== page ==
L-type voltage-gated calcium channel agonists mitigate hearing loss and modify ribbon synapse morphology in the zebrafish model of usher syndrome type 1

Alaa Koleilat, Joseph A. Dugdale, Trace A. Christenson, Jeffrey L. Bellah, Aaron M. Lambert, Mark A. Masino, Stephen C. Ekker, Lisa A. Schimmenti

Research output: Contribution to journalArticlepeer-review

Abstract

The mariner (myo7aa/) mutant is a zebrafish model for Usher syndrome type 1 (USH1). To further characterize hair cell synaptic elements in myo7aa/ mutants, we focused on the ribbon synapse and evaluated ultrastructure, number and distribution of immunolabeled ribbons, and postsynaptic densities. By transmission electron microscopy, we determined that myo7aa/− zebrafish have fewer glutamatergic vesicles tethered to ribbon synapses, yet maintain a comparable ribbon area. In myo7aa/− hair cells, immunolocalization of Ctbp2 showed fewer ribbon-containing cells in total and an altered distribution of Ctbp2 puncta compared to wild-type hair cells. myo7aa/− mutants have fewer postsynaptic densities - as assessed by MAGUK immunolabeling - compared to wild-type zebrafish. We quantified the circular swimming behavior of myo7aa/− mutant fish and measured a greater turning angle (absolute smooth orientation). It has previously been shown that L-type voltage-gated calcium channels are necessary for ribbon localization and occurrence of postsynaptic density; thus, we hypothesized and observed that L-type voltage-gated calcium channel agonists change behavioral and synaptic phenotypes in myo7aa/− mutants in a drug-specific manner. Our results indicate that treatment with L-type voltage-gated calcium channel agonists alter hair cell synaptic elements and improve behavioral phenotypes of myo7aa/− mutants. Our data support that L-type voltage-gated calcium channel agonists induce morphological changes at the ribbon synapse - in both the number of tethered vesicles and regarding the distribution of Ctbp2 puncta - shift swimming behavior and improve acoustic startle response.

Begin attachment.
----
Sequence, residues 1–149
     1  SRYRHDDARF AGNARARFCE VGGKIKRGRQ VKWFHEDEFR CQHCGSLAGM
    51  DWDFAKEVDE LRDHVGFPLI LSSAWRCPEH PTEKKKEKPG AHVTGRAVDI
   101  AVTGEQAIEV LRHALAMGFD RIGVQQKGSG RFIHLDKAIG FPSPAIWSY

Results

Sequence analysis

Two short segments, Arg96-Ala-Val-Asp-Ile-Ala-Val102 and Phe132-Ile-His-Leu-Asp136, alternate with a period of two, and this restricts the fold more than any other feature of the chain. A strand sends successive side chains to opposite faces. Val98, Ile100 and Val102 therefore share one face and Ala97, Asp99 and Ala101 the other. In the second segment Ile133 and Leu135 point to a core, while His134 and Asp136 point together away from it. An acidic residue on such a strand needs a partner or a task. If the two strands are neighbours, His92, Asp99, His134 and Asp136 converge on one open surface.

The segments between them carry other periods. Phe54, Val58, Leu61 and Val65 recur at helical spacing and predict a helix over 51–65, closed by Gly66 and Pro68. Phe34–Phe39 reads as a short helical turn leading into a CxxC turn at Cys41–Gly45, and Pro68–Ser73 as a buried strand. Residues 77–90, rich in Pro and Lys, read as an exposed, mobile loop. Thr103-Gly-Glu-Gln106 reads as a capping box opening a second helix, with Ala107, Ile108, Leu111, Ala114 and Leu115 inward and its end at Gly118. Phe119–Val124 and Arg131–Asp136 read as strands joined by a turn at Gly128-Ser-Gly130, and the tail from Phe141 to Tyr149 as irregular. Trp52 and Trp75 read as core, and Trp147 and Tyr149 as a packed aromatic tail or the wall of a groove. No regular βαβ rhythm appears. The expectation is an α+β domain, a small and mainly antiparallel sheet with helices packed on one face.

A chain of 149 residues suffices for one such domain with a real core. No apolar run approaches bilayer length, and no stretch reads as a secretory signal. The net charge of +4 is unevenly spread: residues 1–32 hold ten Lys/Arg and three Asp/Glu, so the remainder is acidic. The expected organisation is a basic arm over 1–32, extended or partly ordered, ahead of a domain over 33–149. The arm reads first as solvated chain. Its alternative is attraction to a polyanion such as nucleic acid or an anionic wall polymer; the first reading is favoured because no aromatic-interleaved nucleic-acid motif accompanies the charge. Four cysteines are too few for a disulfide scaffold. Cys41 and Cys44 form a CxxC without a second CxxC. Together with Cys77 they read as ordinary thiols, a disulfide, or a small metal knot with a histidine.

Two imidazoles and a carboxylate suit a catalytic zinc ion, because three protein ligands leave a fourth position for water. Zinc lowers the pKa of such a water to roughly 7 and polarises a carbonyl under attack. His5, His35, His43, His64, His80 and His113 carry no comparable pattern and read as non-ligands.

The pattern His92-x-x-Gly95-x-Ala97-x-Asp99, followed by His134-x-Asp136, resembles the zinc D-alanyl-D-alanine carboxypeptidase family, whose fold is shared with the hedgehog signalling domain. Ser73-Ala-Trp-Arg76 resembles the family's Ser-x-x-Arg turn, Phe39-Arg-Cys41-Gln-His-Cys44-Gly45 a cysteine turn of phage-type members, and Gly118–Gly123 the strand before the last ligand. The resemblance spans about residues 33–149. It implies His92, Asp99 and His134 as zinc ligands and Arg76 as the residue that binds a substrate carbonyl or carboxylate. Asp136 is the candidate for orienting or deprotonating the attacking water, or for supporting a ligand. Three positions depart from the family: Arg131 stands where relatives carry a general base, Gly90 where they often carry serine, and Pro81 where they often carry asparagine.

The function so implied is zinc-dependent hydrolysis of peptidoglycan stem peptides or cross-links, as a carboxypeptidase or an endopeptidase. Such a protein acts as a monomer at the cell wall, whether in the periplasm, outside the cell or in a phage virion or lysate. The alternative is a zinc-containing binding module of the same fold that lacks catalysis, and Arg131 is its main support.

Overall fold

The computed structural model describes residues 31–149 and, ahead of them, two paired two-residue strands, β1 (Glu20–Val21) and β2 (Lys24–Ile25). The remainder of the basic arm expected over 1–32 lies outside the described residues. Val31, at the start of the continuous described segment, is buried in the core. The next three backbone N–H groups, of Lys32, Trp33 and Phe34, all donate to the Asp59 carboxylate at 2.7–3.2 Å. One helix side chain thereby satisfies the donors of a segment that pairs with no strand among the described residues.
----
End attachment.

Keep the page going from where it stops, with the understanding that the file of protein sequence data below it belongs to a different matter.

Original languageEnglish (US)
Article numberdmm043885
JournalDMM Disease Models and Mechanisms
Volume13
Issue number11
DOIs
StatePublished - Nov 27 2020

Bibliographical note

Funding Information:
We thank Dr Teresa Nicolson for providing us with the tc320b allele of mariner. We are grateful to Mark Curry and Patrick Jochim in the Mayo Clinic Media Services. We also thank Dr Gabriel Martinez Galvez and Dr Timothy Wiggins for help with Adobe Illustrator, MATLAB and the behavior assessment. We are also grateful to Dr Lavinia Sheets for her helpful discussions. Last, we thank the staff members in the zebrafish core facilities at Mayo Clinic and the University of Minnesota, Twin Cities. A.K. was supported by the National Center for Advancing Translational Sciences (NCATS; grant number: UL1 TR000135), a component of the National Institutes of Health (NIH). M.A.M was supported by the NIH (grant number: R01NS094176). L.A.S. was supported by funding from the Mayo Clinic Center for Individualized Medicine, Philanthropic support from the Nelson Family Fund and from the Mayo Clinic Department of Otorhinolaryngology.

Funding Information:
A.K. was supported by the National Center for Advancing Translational Sciences (NCATS; grant number: UL1 TR000135), a component of the National Institutes of Health (NIH). M.A.M was supported by the NIH (grant number: R01NS094176). L.A.S. was supported by funding from the Mayo Clinic Center for Individualized Medicine, Philanthropic support from the Nelson Family Fund and from the Mayo Clinic Department of Otorhinolaryngology.

Publisher Copyright:
© 2020 Company of Biologists Ltd. All rights reserved.

Keywords

  • Hair cell
  • Hearing loss
  • Myo7aa
  • Ribbon synapse
  • Zebrafish

PubMed: MeSH publication types

  • Journal Article
  • Research Support, N.I.H., Extramural
  • Research Support, Non-U.S. Gov't

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